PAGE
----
LOS ANGELES (CNS) - The Los Angeles County Board of Supervisors has voted unanimously Tuesday in support of a strategic plan to craft antiracist policies and practices aimed at helping Black and other people of color in Los Angeles County.

Supervisor Mark Ridley-Thomas authored a motion requesting that the board declare racism a matter of public health and prioritize eliminating biases from county operations and programs.


What You Need To Know

  • LA County Board of Supervisors votes in favor of plan to craft antiracist policies and practices

  • Supervisor Mark Ridley-Thomas authored motion declaring racism a matter of public health

  • Motion would implement plan to prioritize mental, physical health, housing employment and public safety

  • Motion indicates Black people are disproportionately impacted by coronavirus, police violence, homelessness


"It is incumbent upon those of us who sit in positions of authority to begin dismantling systemic racial bias within the entities for which we are responsible," Ridley-Thomas said last week when he previewed the proposal. "It's no longer sufficient to support diversity and inclusion initiatives. The county has made great strides toward addressing and eliminating implicit bias. It is time to advance to the next level.

"The county must move to identify and confront explicit institutional racism to set the national standard and become a leader of antiracist policymaking and program implementation."



The motion will direct CEO Sachi Hamai to quarterback a strategic plan to prioritize physical and mental health, housing, employment, public safety and justice in an equitable way for Black residents. Ridley- Thomas has proposed a 60-day deadline for a report back from the CEO.

The motion also directs Hamai to commission an annual report by an academic or research institution to annually track the State of Black Los Angeles County and offer recommendations for supporting local, regional, state and federal initiatives that advance efforts to dismantle systemic racism. Reports would include economic and law enforcement data related to Blacks countywide.

"We have an opportunity, I want to underscore, a responsibility to take up this mantle and run with it as far as we can because we have endured too much for too long," Ridley-Thomas said last week. "But we can set a standard, a national standard, and that's what we hope to do. No one is claiming that it's going to be simple, easy or uncomplicated."

Black people make up about 9 percent of the population in Los Angeles County, but according to the motion, they also represent:

-- 11 percent of COVID-19 related fatalities;

-- 27 percent of the people shot or seriously injured by law enforcement (in 2017);

-- Nearly 30 percent of the overall population in county jails; and,

-- 34 percent of the population experiencing homelessness.

An analysis by UCLA on unemployment in California during the COVID-19 crisis found that as many as 22 percent of Black workers were jobless.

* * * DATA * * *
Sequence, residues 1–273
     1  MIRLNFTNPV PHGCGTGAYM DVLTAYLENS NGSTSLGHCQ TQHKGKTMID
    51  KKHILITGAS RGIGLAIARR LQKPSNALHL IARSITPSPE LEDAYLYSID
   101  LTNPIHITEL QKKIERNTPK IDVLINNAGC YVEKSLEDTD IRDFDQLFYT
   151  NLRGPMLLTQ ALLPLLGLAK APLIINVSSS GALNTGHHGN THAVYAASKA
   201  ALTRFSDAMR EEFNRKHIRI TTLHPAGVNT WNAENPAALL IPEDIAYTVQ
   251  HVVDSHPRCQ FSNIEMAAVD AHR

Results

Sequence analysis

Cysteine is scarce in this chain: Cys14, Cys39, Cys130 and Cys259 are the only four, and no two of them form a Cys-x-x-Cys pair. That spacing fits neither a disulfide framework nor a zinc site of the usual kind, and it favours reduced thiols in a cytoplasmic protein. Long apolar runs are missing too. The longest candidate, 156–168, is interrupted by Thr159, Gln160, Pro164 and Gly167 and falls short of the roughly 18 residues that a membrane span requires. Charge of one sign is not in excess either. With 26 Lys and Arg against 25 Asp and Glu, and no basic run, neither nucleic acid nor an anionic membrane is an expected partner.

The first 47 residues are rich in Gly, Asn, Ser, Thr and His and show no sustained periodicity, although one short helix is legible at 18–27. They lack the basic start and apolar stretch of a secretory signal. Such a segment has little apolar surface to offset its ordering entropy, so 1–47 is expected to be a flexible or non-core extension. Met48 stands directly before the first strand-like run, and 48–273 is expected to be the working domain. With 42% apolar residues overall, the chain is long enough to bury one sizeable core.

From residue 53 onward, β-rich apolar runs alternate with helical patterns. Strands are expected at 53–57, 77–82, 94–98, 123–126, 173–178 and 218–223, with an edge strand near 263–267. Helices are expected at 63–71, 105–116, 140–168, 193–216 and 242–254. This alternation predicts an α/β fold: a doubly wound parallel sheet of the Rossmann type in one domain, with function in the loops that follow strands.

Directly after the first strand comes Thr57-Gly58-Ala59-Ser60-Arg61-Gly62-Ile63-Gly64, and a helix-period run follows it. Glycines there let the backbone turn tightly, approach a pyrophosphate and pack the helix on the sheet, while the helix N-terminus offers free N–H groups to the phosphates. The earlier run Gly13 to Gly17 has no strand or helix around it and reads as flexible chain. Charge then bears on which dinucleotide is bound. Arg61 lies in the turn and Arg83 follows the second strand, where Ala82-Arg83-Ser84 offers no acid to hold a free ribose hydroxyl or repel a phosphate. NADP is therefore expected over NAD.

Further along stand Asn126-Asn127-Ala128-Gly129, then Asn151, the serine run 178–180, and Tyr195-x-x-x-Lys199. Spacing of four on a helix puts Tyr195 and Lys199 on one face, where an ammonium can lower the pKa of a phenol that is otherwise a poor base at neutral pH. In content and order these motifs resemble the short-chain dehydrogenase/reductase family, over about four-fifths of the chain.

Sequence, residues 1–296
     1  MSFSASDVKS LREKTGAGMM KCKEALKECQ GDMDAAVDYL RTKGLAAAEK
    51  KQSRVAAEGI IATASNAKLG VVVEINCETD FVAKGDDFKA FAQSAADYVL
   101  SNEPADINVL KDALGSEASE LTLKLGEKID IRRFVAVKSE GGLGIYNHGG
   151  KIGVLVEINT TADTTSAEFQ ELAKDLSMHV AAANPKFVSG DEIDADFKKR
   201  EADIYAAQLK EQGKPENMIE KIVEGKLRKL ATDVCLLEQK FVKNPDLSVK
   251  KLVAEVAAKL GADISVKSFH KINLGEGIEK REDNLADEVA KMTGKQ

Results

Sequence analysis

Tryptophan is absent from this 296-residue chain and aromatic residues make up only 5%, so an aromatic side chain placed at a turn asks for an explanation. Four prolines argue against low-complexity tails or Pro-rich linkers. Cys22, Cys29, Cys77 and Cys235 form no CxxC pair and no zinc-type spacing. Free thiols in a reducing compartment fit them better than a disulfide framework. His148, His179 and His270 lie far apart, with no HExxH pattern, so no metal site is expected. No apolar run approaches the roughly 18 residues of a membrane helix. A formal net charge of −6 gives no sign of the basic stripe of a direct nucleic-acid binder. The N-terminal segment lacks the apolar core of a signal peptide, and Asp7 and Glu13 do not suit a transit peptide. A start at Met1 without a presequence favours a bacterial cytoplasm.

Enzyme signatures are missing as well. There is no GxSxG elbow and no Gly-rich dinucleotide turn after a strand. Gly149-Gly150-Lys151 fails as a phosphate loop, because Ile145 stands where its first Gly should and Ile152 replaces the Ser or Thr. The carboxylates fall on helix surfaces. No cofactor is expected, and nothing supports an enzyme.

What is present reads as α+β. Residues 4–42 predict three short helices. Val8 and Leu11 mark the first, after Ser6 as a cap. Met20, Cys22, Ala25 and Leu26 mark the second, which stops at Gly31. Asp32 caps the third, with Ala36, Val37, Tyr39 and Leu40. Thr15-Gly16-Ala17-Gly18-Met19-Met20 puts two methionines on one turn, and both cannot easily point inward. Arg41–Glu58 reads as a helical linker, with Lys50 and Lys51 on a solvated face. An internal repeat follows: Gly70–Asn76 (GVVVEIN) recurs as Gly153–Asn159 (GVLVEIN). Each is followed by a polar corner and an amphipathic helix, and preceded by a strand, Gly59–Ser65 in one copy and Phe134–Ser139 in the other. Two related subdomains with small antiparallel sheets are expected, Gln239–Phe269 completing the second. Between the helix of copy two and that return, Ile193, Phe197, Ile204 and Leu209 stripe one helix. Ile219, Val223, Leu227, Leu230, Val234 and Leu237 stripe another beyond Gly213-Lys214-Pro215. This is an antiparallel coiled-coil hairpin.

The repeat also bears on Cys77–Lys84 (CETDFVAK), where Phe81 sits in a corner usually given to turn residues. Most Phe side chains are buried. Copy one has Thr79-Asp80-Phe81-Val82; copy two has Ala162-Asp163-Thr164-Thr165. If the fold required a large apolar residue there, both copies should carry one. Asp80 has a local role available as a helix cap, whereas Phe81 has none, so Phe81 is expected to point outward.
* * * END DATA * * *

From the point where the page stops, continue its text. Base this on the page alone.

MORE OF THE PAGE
Ridley-Thomas' proposal follows the May 25 killing of George Floyd by Minneapolis police officers, which set off nationwide protests. He said protesters took to the streets in opposition to "structural racism and discrimination, asymmetrical consolidation of power, extreme wealth and income inequity -- all of which disproportionately disadvantage Black people."

Also last week, the heads of various Los Angeles County departments issued a statement -- now prominently displayed on the county's website -- pledging to stand against racism.

"We acknowledge that as government leaders, we have an opportunity to change the narrative on the role of government and its relationship to the communities it serves," the statement read. "We stand against racism in any form and pledge to use our offices to advance racial and social equity, diversity and fairness."

In addition to his call for a strategic shift, Ridley-Thomas' motion includes support for 67 specific recommendations put forth by the Ad Hoc Committee for Black People Experiencing Homelessness and asks that the Los Angeles Homeless Services Authority be given what it needs to implement those ideas.

Separately, Supervisors Sheila Kuehl and Hilda Solis have proposed a county charter amendment for the November ballot that would dedicate a minimum of 10 percent of the county's general fund to be spent on direct community investment and alternatives to incarceration, none of which could be distributed through law enforcement agencies.



Another planned Tuesday vote involves the approval of a spending plan for $1.22 billion in federal coronavirus relief dollars. In a letter to the board, Hamai indicated the county's priorities for the money in the broadest possible terms, noting that just over half of the funding will go to support public health. The balance will be split between financial support for residents, small businesses and county staff performing COVID-19 related functions.

Ridley-Thomas has less than five months left to influence county policy as a member of the board before he terms out and potentially moves on to serve on the Los Angeles City Council. He said he wants his motion to be a catalyst for eliminating perpetual racism against all races and ethnicities, like the Voting Rights Act of 1965, which was championed by Black civil rights leaders who risked their lives fighting for it.